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At our company we have 2 gateways: 192.168.1.1 and 192.168.1.2

Is there a way to configure my machine to use different gateway based on a list of IP addresses/domains? My current solution is to go to the network card TCP/IP properties and change the gateway there manually.

E.g.:

[192.168.1.1]
192.168.*
*domain.com
*domain2.com

[192.168.1.2]
everything else
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3 Answers

up vote 3 down vote accepted

On Windows, the Routing table is accessible with the route command.

You add static routes like this:

    > route ADD 157.0.0.0 MASK 255.0.0.0  157.55.80.1 METRIC 3 IF 2
             destination^      ^mask      ^gateway     metric^    ^
                                                         Interface^

To learn about using masks (or CIDR, e.g. /24) see the Subnetwork entry.

A routing prefix is the sequence of leading bits of an IP address that precede the portion of the address used as host identifier. In IPv4 networks, the routing prefix is often expressed as a "subnet mask", which is a bit mask covering the number of bits used in the prefix. An IPv4 subnet mask is frequently expressed in quad-dotted decimal representation, e.g., 255.255.255.0 is the subnet mask for the 192.168.1.0 network with a 24-bit routing prefix (192.168.1.0/24).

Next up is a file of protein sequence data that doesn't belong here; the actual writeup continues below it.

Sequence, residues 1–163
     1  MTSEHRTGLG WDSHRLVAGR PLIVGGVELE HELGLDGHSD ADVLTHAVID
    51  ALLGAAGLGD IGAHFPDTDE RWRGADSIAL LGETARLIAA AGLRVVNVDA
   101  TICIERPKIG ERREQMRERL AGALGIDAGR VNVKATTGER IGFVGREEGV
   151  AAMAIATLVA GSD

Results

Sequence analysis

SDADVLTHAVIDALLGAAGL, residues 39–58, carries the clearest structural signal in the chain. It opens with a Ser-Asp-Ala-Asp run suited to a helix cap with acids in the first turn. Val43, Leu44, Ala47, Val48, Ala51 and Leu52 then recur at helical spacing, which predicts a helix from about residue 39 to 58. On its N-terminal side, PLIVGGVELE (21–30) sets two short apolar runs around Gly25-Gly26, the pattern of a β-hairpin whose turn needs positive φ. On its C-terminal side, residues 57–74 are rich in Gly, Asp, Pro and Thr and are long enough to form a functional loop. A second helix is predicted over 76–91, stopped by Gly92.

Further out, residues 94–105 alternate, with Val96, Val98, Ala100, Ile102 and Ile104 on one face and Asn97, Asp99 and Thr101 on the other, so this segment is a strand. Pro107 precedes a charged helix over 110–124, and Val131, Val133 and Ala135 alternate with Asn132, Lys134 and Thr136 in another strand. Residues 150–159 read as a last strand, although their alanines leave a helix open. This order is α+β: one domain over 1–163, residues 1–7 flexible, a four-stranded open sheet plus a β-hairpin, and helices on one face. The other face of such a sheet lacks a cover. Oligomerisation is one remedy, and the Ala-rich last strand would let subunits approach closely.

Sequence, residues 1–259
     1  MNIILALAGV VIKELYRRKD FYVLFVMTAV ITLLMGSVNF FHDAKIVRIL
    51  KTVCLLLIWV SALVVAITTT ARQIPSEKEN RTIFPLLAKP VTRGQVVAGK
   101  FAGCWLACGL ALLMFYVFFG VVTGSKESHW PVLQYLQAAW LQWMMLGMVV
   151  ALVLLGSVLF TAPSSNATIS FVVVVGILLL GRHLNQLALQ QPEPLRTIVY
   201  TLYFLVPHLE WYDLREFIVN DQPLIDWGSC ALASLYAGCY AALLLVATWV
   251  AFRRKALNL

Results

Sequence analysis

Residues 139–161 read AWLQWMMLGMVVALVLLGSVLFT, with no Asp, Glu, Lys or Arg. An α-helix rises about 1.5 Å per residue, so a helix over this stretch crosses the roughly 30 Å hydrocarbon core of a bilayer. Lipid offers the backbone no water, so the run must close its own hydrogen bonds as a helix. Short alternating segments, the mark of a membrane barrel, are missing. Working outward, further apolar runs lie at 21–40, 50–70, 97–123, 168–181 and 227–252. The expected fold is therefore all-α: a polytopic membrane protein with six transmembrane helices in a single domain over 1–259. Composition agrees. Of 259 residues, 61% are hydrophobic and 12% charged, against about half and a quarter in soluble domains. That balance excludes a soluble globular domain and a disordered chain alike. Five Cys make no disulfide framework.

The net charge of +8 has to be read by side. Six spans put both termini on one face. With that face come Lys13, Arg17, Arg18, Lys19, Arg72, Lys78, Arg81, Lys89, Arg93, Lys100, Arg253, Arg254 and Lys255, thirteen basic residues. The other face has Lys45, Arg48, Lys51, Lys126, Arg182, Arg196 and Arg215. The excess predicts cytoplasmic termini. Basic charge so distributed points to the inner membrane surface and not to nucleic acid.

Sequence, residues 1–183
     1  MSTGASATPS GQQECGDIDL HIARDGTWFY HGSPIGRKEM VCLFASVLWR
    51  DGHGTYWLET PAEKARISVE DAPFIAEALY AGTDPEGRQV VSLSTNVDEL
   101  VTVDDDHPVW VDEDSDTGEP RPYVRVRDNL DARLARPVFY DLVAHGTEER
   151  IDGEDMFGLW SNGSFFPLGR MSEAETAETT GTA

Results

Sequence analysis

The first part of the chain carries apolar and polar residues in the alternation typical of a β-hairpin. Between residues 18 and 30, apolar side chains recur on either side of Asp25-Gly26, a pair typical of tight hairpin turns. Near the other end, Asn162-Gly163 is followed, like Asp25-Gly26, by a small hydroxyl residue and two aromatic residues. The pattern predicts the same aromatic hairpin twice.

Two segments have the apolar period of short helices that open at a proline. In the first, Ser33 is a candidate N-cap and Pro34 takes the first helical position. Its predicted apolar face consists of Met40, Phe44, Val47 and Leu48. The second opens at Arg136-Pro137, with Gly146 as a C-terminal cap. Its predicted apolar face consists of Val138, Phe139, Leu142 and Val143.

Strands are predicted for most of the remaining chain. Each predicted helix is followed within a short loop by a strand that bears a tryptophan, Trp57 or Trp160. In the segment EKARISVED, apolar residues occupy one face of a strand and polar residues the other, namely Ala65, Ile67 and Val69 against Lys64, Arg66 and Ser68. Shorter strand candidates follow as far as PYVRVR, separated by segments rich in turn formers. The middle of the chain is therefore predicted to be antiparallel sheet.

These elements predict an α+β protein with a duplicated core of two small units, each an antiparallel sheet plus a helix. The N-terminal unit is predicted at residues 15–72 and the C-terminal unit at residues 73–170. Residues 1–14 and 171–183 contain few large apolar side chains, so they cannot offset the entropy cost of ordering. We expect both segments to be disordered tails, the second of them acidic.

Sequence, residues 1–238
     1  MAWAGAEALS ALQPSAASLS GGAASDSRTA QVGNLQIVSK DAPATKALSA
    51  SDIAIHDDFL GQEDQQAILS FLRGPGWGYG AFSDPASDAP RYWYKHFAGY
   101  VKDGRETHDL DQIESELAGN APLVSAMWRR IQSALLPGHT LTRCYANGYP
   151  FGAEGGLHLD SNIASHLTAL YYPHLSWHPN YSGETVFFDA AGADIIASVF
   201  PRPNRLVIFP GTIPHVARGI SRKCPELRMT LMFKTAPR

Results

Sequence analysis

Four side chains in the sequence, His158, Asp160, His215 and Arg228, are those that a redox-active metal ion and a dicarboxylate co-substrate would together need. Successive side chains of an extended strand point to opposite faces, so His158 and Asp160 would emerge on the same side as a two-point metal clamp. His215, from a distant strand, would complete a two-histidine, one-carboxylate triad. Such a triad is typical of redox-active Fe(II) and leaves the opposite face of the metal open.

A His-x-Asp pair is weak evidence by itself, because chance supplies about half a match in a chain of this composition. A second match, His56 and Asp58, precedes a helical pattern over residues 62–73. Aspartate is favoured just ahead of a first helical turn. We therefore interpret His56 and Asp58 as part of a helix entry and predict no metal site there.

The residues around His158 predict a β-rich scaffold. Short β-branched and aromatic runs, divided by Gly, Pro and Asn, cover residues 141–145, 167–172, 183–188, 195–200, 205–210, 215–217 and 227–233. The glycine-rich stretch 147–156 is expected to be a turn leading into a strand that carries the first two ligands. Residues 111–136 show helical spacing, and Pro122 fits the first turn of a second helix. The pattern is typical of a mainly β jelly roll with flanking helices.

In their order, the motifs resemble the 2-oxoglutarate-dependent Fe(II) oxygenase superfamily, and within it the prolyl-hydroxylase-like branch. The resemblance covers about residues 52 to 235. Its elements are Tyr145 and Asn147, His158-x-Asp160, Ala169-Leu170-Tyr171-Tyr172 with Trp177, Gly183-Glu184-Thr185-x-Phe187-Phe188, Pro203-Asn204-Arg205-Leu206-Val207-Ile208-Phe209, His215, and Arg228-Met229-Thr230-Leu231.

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Is there a wildcard character? E.g. 192.168.*.* or do I have to add 256^2 static routes? –  daremon May 27 '09 at 13:15
    
Yes. The mask is effectively the wild card. 255 means use that octet, 0 means wild. –  Orihara May 27 '09 at 16:56
    
Added ref to subnets and masks. –  gimel May 27 '09 at 18:03
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Not by domains, but what you're asking is standard routing. To add a route so that all packets to 192.168.2.0/24 go via 192.168.1.2 in Windows is this:

route ADD 192.168.2.0 MASK 255.255.255.0 192.168.1.2 METRIC 1

Remember that you can only control outgoing packets and not the return path (obviously if NAT is involved things change)

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You could setup a third router between your 2 existing routers and the rest of the computers. Then use the that third router as a traffic copy to direct some traffic one direction and some the other direction. If you choose to setup Linux on that third system you can do some pretty advanced policy routing. You can direct traffic by protocol, by port, by source address, or basically anything that you could identify and mark with an iptables rule.

See the LARTC Howto.

I currently have an open question looking for tools to make managing the advanced routing system easier, but I haven't seen many answers. I have mostly given up and started to build my own tool, but it isn't ready to share yet.

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